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Who is at the Front of the Line?

From 1978-1980 I was stationed at Camp Lejeune North Carolina with the Marines. My primary billet was with the Fleet Service Support Unit that supported a Marine Recon Battalion. I had already spent 7 years in the Navy and was very well acquainted with Naval Traditions and etiquette. Most of the time at Lejeune I spent supporting the Internal Medicine Department at the Naval Hospital, but I did accompany the Recon units on several local and one overseas deployment.

There was a very different relationship between the officers and enlisted in the Marines when compared to the Navy. They ate and slept in proximity to each other and in fact almost always ate out of the same mess not in separate Wardrooms for the officers and messes for the crew and chiefs. There organizations were also different. The Marines had smaller operational units like squads, platoons and companies commanded by sergeants Lieutenants, and Captains respectfully. Each squad had 9 men, each platoon had 3 squads and a company had 3 platoons. Everybody within each company knew the name and history of everybody up and down the chain of command in the company.

Encampments were always designed so that the commanders of each unit slept with their men—not segregated by rank—very different from on a Navy Ship. No other group of people had a higher respect for the chain of command than Marines, but in spite of or may because of that—I don’t know which, there was always an informality that allowed for rapid and transparent communication. If the guy at the top made an order and it came down to the lowest “grunt” everybody knew exactly what that order meant and who it was for.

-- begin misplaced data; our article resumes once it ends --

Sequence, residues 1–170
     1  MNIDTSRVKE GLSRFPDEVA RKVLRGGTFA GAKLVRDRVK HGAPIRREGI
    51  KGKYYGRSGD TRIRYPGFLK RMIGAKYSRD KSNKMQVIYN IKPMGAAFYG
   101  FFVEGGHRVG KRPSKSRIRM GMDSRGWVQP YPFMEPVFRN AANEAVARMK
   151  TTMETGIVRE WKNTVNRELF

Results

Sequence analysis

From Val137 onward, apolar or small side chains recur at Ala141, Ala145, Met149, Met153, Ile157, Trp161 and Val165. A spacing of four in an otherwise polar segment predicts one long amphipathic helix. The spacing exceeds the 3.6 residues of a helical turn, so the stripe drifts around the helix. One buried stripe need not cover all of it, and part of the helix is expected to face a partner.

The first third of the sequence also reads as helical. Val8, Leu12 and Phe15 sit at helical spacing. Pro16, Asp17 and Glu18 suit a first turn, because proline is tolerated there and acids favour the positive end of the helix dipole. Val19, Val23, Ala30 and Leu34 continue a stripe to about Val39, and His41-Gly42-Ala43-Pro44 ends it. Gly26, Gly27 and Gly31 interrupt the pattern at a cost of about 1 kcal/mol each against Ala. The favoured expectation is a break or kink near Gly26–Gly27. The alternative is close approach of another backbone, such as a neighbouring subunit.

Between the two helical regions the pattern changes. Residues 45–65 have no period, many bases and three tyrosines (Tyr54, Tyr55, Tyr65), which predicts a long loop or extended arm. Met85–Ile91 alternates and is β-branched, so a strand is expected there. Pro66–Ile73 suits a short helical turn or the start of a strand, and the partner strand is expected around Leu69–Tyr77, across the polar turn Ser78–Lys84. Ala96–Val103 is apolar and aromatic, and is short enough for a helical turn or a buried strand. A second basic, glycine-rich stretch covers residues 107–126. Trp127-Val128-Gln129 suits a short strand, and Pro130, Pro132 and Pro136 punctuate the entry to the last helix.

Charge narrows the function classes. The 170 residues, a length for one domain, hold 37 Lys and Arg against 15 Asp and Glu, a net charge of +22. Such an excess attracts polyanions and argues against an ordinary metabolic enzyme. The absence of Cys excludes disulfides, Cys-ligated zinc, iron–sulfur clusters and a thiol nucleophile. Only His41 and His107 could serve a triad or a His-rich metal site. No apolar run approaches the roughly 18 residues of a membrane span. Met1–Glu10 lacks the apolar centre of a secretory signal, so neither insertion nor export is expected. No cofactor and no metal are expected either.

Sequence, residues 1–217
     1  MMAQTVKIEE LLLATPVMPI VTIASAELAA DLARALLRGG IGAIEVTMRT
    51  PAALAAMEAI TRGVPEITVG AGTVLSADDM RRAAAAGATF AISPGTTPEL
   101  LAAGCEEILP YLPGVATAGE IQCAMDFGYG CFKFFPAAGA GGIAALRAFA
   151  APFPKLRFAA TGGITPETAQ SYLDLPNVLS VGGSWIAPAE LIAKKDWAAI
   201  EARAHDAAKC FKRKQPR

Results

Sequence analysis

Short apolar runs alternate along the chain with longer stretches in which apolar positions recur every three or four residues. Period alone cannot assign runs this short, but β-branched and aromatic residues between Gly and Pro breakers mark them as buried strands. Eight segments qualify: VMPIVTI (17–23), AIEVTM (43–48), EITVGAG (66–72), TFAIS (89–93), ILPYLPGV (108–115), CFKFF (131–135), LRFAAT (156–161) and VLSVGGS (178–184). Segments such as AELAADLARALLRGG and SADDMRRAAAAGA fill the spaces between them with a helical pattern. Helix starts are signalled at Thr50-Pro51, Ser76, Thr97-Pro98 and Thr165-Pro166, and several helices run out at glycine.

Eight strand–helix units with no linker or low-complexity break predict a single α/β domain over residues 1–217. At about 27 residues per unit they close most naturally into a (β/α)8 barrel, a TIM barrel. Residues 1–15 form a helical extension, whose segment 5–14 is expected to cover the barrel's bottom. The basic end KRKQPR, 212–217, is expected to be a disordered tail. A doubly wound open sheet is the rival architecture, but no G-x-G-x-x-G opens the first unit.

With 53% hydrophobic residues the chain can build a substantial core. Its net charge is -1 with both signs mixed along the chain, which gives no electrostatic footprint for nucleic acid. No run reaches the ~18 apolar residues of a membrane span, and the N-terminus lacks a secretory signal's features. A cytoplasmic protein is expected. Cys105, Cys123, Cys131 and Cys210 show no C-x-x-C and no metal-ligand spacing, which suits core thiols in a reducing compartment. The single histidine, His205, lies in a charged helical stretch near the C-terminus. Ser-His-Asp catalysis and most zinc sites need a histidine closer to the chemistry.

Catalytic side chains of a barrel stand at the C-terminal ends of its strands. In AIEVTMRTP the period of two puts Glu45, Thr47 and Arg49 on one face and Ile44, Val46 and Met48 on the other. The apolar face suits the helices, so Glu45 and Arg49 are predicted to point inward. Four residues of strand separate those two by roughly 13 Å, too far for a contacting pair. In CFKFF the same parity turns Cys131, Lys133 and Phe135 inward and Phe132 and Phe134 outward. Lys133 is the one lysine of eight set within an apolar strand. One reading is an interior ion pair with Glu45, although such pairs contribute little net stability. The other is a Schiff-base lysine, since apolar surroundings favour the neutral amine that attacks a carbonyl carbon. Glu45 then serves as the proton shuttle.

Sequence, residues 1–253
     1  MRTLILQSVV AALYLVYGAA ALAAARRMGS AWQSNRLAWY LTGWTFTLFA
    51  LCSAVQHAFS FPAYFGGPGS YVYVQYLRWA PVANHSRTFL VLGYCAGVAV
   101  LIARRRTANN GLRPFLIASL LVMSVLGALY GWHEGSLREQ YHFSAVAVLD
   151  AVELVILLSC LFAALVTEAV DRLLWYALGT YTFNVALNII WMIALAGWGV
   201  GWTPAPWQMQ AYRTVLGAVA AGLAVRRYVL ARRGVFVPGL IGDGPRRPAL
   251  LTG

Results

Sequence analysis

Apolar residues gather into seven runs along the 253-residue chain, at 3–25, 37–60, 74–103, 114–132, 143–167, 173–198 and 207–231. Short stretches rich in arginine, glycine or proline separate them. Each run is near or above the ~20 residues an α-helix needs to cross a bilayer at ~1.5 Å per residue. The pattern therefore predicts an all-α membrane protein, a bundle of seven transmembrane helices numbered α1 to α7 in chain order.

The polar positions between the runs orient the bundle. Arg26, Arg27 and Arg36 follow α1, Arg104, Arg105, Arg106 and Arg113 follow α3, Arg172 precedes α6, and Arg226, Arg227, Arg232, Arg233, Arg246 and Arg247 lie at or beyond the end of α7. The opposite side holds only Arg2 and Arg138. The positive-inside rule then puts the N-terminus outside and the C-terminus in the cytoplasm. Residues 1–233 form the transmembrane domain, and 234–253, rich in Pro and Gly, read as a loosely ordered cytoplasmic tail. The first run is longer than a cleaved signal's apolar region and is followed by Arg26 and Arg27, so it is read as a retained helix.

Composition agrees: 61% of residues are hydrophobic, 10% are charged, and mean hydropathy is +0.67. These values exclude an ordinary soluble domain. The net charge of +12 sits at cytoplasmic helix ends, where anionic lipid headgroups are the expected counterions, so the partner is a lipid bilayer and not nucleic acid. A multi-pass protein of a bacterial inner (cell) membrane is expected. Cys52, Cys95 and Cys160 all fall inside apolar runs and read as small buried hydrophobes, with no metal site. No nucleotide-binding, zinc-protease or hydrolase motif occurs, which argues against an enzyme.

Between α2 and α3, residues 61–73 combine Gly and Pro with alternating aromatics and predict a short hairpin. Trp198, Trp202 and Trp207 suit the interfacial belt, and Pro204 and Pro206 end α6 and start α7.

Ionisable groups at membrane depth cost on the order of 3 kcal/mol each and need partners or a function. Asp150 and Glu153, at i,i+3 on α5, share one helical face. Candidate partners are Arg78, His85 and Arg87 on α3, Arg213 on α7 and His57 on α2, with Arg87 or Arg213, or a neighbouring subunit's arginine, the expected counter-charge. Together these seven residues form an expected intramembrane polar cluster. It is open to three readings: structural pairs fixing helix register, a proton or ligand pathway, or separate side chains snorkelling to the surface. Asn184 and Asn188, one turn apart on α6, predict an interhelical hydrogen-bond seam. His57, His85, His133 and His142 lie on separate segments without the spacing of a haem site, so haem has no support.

This informality amongst the ranks with a respect for authority allowed for deep friendships to be made amongst people that came from very different backgrounds and cultures. But this respect was manifested in some very special traditions that showed how those at the top and bottom cared for each other.

When making Camp the most comfortable places within the Camp were given to the lowest ranking Marines. To my surprise as a Navy man I watched as the lowest ranking Marines were always given front of the line privileges and the highest ranking officers ate last. If there was a Colonel or a General in Camp they were last in line and the last to eat.

Same privilege if there was hot water—very seldom the case. Same privilege for mail call. Same privilege if we came into port and there was only one pay phone to call home. I remember standing in a phone line with 50 people in Guantanamo Bay Cuba and the highest ranking officers including a General were at the back of the line—It was also a way of keeping the calls short I think.

It could be argued that this was an “egalitarian ethic” but it really was a sign of respect and a symbol of meritocracy. Those at the front of the lines certainly worked and earned those positions and were being respected by their superiors. The work came first. I find it very interesting that many of the elites in our society—media stars, the press politicians, billionaires and those in the financial community all who profess to be egalitarians and are voices for equality diversity and stand against discrimination—or so they say, always seem to put themselves at the front of the line.